Reflections on the Breadline Challenge

So, here it is – the final day of the 2015 Breadline Challenge.  At times I thought it’d never get here, but here I am.  Hallelujah.  Tomorrow morning, I’ll be enjoying that strong, black coffee I’ve been fantasising about all week – and tucking into an avocado (one thing I’ve missed like mad).  I won’t have to ration banana halves any more.  I’ll basically go back to normal (whatever normal looks like), although I’m pretty sure I’ll be thinking much more carefully about my food and how I shop for and prepare it.  And how I waste it.

This week has taught me a lot.  I’ve been reminded all week just how much I enjoy vegetarian food, and how easy it is to eat very little or no meat at all.  That’s definitely something I’m going to take away from this week – in fact, I’ve already signed a pledge to become a part-time carnivore and reduce the amount I eat to just two days a week (max).

Also – sugar. Really, really not good for you.  Seems like common sense, I know, but the difference it’s made reducing my sugar intake even for a few days has been incredible.  I’ve slept better, my energy levels have been more stable. My ability to focus has improved. That weird crampy thing my toes do most mornings – gone.  I’m not sure about cutting out altogether, but I can certainly see the benefits of a low-sugar diet.

I’ve been reminded that food isn’t just fuel, something just to get you from one day to the next.  It’s something to be enjoyed with others, and everyone should have a right to that – whatever their income. We need more community meals like those provided by FoodCycle – not just for ‘the needy’ but for all of us.  Many’s the time I’ve stood out on Hills Road, touting for FoodCycle business (and with the food waste angle, let’s face it, FoodCycle’s a pretty easy sell) – only to be told ‘Well, I think it’s a wonderful idea, but I don’t really need it’.  Sure you do.

Also, where they aren’t already, food banks have to start distributing fresh food.  After all, we’re producing enough food for everyone. More than enough, in fact.  Food banks provide such an important service, and keep almost a million households’ heads above water – but there’s always room for improvement.  I had a really interesting discussion last week with our local food bank about the possibility of them doing a fresh food pilot, and I’m looking forward to seeing what they come up with.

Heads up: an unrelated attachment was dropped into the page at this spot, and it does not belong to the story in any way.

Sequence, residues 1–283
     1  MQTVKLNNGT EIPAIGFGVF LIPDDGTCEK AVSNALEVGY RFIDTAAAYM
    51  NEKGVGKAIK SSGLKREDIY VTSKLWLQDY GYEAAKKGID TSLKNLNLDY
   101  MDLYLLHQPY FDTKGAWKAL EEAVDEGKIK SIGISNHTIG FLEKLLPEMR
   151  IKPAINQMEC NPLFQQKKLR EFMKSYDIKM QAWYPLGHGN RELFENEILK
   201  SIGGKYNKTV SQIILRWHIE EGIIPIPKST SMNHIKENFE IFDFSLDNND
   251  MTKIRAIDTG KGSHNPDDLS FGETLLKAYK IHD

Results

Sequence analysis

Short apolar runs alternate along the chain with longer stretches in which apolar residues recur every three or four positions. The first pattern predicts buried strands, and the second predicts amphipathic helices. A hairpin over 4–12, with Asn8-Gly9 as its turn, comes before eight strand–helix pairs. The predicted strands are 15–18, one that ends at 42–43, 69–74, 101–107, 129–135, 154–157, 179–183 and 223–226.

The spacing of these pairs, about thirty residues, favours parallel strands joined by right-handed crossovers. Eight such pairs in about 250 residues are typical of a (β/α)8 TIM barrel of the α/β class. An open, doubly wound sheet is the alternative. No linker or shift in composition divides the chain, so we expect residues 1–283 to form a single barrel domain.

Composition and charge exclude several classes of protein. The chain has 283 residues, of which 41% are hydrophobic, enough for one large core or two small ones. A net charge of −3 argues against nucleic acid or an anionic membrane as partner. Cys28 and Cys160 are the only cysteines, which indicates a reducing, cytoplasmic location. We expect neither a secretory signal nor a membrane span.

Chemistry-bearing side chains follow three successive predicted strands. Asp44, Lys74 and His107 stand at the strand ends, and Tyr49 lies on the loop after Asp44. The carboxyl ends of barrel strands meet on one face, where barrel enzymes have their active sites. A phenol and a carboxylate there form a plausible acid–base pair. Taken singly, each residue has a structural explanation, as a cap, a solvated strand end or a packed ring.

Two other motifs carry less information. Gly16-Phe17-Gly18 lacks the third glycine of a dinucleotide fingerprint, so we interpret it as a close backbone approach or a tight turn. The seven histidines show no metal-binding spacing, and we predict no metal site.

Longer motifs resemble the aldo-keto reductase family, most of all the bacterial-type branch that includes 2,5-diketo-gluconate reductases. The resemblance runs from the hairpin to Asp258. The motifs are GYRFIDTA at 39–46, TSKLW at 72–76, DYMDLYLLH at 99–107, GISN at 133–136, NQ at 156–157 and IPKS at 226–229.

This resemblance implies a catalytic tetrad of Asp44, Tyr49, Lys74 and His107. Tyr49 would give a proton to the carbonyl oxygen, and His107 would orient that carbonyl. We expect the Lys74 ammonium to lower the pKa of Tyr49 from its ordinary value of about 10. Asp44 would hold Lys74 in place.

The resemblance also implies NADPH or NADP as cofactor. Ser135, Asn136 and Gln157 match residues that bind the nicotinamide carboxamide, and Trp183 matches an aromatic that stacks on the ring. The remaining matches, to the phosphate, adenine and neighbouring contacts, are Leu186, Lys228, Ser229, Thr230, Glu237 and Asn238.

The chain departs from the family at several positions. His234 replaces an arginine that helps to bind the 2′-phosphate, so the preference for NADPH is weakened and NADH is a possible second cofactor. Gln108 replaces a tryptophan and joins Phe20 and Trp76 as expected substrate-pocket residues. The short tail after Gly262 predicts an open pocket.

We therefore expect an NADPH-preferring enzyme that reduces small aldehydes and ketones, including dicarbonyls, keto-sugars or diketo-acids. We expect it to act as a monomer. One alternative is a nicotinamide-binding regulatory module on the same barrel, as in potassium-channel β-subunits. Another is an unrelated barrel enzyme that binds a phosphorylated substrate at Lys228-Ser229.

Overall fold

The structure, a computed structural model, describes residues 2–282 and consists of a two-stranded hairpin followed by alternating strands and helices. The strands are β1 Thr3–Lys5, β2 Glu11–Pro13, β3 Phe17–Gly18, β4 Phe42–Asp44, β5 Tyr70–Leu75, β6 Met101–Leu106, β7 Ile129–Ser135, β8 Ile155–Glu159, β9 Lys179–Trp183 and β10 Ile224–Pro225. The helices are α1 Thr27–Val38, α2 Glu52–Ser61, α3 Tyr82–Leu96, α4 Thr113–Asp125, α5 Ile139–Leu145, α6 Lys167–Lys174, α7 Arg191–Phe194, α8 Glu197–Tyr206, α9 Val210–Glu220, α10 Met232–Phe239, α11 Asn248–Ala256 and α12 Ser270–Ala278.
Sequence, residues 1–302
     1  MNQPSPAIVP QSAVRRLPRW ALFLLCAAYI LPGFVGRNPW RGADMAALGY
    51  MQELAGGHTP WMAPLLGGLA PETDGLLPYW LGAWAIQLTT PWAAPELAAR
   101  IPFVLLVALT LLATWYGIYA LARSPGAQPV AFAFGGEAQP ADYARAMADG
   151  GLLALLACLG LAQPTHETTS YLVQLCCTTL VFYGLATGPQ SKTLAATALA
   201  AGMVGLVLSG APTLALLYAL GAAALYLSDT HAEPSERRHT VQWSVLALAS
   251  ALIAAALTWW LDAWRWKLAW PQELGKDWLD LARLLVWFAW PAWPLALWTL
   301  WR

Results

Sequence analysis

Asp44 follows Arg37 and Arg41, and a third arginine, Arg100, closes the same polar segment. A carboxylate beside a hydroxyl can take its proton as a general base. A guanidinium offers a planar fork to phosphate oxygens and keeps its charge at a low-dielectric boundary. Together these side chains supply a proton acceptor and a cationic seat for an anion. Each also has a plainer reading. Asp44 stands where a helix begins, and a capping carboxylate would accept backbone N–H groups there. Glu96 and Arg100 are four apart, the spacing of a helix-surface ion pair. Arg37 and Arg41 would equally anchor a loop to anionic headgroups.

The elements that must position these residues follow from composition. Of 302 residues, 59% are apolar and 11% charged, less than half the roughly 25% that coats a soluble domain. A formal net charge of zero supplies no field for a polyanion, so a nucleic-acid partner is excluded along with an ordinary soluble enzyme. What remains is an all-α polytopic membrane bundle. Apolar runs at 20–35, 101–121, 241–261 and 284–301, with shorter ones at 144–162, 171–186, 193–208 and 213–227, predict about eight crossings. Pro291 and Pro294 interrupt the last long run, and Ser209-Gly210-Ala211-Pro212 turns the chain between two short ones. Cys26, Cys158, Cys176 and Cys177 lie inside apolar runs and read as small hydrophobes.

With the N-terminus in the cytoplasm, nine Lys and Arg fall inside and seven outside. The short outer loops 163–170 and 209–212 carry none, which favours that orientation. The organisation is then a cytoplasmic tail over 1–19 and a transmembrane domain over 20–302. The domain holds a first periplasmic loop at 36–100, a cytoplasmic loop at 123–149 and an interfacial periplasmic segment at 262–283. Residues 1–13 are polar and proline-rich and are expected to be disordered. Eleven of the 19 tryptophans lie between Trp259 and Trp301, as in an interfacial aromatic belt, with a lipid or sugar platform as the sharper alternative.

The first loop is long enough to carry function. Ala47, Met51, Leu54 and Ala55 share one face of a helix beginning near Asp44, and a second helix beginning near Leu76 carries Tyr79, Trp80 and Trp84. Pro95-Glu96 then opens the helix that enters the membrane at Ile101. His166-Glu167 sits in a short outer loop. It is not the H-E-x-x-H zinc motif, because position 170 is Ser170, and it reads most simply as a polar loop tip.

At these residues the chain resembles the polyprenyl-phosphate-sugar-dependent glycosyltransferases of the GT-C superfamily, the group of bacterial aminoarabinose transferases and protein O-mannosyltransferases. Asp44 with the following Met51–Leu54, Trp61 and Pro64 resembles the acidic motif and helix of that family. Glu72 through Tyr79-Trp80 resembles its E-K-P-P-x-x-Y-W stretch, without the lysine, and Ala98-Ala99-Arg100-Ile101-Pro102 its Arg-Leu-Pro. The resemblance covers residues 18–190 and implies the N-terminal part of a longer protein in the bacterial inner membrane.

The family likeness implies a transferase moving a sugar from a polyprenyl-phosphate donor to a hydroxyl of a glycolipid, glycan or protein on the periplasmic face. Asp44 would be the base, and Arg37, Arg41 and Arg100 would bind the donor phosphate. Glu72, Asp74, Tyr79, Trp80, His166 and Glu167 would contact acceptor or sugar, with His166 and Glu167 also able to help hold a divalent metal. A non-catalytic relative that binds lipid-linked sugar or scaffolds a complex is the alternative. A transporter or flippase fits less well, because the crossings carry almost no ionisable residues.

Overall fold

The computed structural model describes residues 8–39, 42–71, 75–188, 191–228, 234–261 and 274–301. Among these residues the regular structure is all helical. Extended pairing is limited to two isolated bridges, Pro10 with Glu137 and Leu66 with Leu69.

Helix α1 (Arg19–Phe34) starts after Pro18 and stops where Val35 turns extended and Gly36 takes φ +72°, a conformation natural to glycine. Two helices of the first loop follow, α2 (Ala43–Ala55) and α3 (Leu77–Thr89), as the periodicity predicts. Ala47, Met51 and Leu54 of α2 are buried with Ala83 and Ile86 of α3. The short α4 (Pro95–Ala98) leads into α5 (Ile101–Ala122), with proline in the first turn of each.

So, what next?

Well, I’m going to keep volunteering with FoodCycle.  In fact, I’m visiting FoodCycle Bristol this coming weekend – it’s very easy to get wrapped up in our own hub ‘bubble’, and I’m looking forward to seeing how FoodCycle works in other places (I’ve already visited FoodCycle LSE and Norwich).  I’m also off to Bradford soon to visit another project, The Storehouse, that provides a central hub storing surplus food that can be then redistributed to feed the people who need it.  Hopefully, I’ll be able to drop into the Saltaire Canteen, one of their collaborators, while I’m there too.  It’s really inspiring to see so much great stuff happening across the UK.

I’m absolutely convinced there’s more that can be done here in Cambridge.  We need a central hub, like The Storehouse, to co-ordinate things – sometimes it can feel a little like the right hand doesn’t know what the left is doing.  Where would a food hub go?  Well, isn’t that the million dollar question?  Cambridge isn’t well known for being the best in terms of property prices or availability.  But doesn’t mean that it can’t happen, or that we shouldn’t try.

Anyway, enough of the heavy stuff – here are my final lessons from the Breadline Challenge.

  1. I can actually survive without cheese.
  2. There really is such a thing as too much porridge.
  3. Mushroom mince is the future.
  4. One person’s sour milk is another person’s yoghurt scones (or something like that).
  5. Never let your tea go cold.
  6. Sniffing a cake is not the same as eating one.
  7. Peanut butter and mashed potato candies should be avoided at all costs.  As should peanut butter smoothies.
  8. FoodCycle is brilliant*.

Thanks for reading!


*If you’d like to support your local FoodCycle, come along and join us for a meal.  We’re at St Paul’s on Hills Road every Saturday from 12 and at Barnwell Baptist Church on the 1st and 3rd Wednesday of every month from 6.00 p.m.  Hope to see you there soon!



2 thoughts on “Reflections on the Breadline Challenge

  1. Hello. A very well big done on the whole thing. Blogs are a really good read, I know it’s not easy summarising all the experiences and reflections. Hopefully they will have helped spread the various messages to at least a few more people. Dead impressed with your creativity to make interesting food even on the limited budget! Off to study that mushroom mince recipe…. : ) Good luck with further developments in Cambridge, there’s still much further to go with the food waste… Jon (Sheffield Mind)

    Liked by 1 person

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